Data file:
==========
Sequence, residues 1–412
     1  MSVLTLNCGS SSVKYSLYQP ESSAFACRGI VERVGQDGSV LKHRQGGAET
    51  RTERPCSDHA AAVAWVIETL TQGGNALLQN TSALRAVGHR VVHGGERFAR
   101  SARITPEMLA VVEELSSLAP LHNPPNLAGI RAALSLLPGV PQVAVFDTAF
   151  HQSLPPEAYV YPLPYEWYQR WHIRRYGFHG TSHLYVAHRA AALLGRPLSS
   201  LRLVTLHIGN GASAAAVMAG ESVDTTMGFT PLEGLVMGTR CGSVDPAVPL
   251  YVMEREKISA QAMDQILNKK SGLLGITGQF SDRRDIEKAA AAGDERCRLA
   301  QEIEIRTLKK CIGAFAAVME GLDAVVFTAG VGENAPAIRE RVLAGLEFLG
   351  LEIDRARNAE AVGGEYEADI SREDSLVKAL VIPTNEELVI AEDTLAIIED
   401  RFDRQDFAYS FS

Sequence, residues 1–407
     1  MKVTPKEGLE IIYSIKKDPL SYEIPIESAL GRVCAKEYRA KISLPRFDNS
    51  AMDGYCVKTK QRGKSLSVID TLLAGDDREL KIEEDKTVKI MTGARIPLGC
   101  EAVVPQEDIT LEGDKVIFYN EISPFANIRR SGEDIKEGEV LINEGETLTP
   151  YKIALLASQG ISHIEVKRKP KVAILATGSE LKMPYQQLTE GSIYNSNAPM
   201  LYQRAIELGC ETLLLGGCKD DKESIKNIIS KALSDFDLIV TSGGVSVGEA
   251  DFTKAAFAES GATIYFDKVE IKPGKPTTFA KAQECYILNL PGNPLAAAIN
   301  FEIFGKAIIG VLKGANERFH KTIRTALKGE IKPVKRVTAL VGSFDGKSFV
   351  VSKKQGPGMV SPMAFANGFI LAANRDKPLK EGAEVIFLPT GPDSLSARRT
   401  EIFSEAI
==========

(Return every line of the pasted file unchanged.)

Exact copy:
Sequence, residues 1–412
     1  MSVLTLNCGS SSVKYSLYQP ESSAFACRGI VERVGQDGSV LKHRQGGAET
    51  RTERPCSDHA AAVAWVIETL TQGGNALLQN TSALRAVGHR VVHGGERFAR
   101  SARITPEMLA VVEELSSLAP LHNPPNLAGI RAALSLLPGV PQVAVFDTAF
   151  HQSLPPEAYV YPLPYEWYQR WHIRRYGFHG TSHLYVAHRA AALLGRPLSS
   201  LRLVTLHIGN GASAAAVMAG ESVDTTMGFT PLEGLVMGTR CGSVDPAVPL
   251  YVMEREKISA QAMDQILNKK SGLLGITGQF SDRRDIEKAA AAGDERCRLA
   301  QEIEIRTLKK CIGAFAAVME GLDAVVFTAG VGENAPAIRE RVLAGLEFLG
   351  LEIDRARNAE AVGGEYEADI SREDSLVKAL VIPTNEELVI AEDTLAIIED
   401  RFDRQDFAYS FS

Sequence, residues 1–407
     1  MKVTPKEGLE IIYSIKKDPL SYEIPIESAL GRVCAKEYRA KISLPRFDNS
    51  AMDGYCVKTK QRGKSLSVID TLLAGDDREL KIEEDKTVKI MTGARIPLGC
   101  EAVVPQEDIT LEGDKVIFYN EISPFANIRR SGEDIKEGEV LINEGETLTP
   151  YKIALLASQG ISHIEVKRKP KVAILATGSE LKMPYQQLTE GSIYNSNAPM
   201  LYQRAIELGC ETLLLGGCKD DKESIKNIIS KALSDFDLIV TSGGVSVGEA
   251  DFTKAAFAES GATIYFDKVE IKPGKPTTFA KAQECYILNL PGNPLAAAIN
   301  FEIFGKAIIG VLKGANERFH KTIRTALKGE IKPVKRVTAL VGSFDGKSFV
   351  VSKKQGPGMV SPMAFANGFI LAANRDKPLK EGAEVIFLPT GPDSLSARRT
   401  EIFSEAI